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Transportation earmarks cause some heartburn

Published February 22, 2013 6:50 pm

Transportation • Funding requests pile higher than money available.
This is an archived article that was published on sltrib.com in 2013, and information in the article may be outdated. It is provided only for personal research purposes and may not be reprinted.

Most local transportation projects go through rigorous review and prioritization by the Utah Transportation Commission before funding. But a few legislators sought to circumvent that Friday for four projects by seeking earmarks in appropriation bills.

But seeking state highway money for such things as a park bridge, a pedestrian tunnel and a canyon entrance parking lot caused some heartburn for both the Utah Department of Transportation and chairmen of the Infrastructure and General Government Appropriations Committee.

UDOT Executive Director John Njord said in an interview that UDOT reminds lawmakers that state transportation money is supposed to go to state highways, and was concerned that some of the earmarks strayed too far from that.

So the committee cochairmen, Sen. Wayne Harper, R-Taylorsville, and Rep. Gage Froerer, R-Huntsville, announced they decided that if appropriators fund any of the four requested earmarks, the money will come from general funds instead of transportation funds.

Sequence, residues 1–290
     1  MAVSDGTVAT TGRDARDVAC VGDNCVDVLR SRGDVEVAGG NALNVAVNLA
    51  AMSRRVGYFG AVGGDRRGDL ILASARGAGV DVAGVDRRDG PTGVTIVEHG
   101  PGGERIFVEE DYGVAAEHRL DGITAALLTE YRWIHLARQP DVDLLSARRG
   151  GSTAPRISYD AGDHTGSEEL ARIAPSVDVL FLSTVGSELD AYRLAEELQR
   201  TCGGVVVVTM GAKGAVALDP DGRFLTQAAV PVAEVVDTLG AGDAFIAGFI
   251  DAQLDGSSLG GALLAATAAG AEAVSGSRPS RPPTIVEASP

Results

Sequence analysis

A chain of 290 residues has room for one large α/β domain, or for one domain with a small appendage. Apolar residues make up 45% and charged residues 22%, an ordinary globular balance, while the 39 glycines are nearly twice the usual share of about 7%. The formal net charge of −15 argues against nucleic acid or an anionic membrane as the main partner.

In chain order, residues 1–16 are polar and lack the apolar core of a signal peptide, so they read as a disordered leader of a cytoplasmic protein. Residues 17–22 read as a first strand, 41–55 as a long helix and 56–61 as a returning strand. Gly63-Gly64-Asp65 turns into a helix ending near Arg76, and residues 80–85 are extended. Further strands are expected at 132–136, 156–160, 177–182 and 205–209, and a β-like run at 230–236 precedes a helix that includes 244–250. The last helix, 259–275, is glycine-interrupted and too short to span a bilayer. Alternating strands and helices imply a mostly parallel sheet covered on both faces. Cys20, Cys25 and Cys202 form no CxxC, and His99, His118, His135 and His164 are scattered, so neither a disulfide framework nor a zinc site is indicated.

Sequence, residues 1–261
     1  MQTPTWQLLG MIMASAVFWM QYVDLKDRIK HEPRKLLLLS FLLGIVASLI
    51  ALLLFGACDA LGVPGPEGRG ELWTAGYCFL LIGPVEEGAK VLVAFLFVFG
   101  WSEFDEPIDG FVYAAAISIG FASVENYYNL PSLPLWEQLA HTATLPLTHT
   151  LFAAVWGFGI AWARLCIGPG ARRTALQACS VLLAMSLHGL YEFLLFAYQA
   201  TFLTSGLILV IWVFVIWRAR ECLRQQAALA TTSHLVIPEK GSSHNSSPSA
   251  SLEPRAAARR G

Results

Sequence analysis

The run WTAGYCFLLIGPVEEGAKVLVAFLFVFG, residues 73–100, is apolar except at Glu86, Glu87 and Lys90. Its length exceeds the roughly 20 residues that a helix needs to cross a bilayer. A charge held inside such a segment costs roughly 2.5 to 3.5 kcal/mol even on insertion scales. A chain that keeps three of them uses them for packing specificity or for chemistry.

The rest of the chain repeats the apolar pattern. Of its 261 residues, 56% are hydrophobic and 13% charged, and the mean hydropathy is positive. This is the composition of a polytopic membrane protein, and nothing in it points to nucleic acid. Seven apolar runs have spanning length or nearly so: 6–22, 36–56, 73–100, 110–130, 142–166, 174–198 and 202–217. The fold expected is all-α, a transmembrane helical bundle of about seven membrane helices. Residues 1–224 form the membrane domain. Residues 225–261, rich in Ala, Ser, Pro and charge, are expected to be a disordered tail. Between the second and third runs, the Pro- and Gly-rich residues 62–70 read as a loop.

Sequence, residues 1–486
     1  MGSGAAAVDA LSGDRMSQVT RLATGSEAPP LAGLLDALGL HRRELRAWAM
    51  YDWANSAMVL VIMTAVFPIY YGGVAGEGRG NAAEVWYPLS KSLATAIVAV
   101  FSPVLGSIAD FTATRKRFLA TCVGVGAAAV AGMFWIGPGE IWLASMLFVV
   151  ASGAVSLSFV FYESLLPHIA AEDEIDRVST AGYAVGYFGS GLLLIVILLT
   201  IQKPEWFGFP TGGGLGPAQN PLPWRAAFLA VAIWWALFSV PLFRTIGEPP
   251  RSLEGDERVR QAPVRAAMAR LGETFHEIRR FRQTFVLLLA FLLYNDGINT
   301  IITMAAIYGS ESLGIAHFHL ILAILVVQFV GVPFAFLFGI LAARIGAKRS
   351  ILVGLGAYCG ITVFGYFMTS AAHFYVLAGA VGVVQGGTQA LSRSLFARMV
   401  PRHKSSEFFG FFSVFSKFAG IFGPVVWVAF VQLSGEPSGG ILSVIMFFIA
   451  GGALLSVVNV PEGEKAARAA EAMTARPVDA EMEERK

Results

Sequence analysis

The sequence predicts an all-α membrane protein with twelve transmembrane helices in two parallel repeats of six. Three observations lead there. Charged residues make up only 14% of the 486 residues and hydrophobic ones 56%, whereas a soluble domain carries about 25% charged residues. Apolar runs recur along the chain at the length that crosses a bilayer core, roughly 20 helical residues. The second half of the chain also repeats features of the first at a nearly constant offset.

Harper explained that lawmakers usually do "not tell the [Transportation] Commission what to do with their fund once they get it."

Among funding requested was $393,000 to build a suspension bridge for pedestrians to connect the Jordan River Parkway with West Valley City's Cultural Celebration Center. That request was filed by Rep. Craig Hall, R-West Valley City, and Sen. Stuart Adams, R-Layton.

Adams, a former chairman of the Transportation Commission, defended seeking such an earmark saying that funding formulas used by the panel occasionally do not measure well the social need of some projects that are important — so occasional earmark requests are appropriate.

Current Transportation Commission Chairman Jeff Holt said in an interview that he would prefer that all projects go through its review process because its formulas slice through politics to ensure that the most needed projects are funded first. However, he says he does not mind a few earmarks "as long as it doesn't get out of hand."

Also requested was $1.2 million to widen 7200 South from four lanes to six between I-15 and 700 West. It was sought by Rep. Steve Eliason, R-Sandy.

Eliason also asked for $750,000 for a new parking lot at the mouth of Big Cottonwood Canyon. Sen. Pete Knudson, R-Brigham City, sought $700,000 for a pedestrian/bicycle tunnel under I-215 at about 5100 South in Taylorsville. Rep. Johnny Anderson, R-Taylorsville, told the committee that project would better connect communities and trails.

The committee plans to work on prioritization of requests over the weekend, Harper said.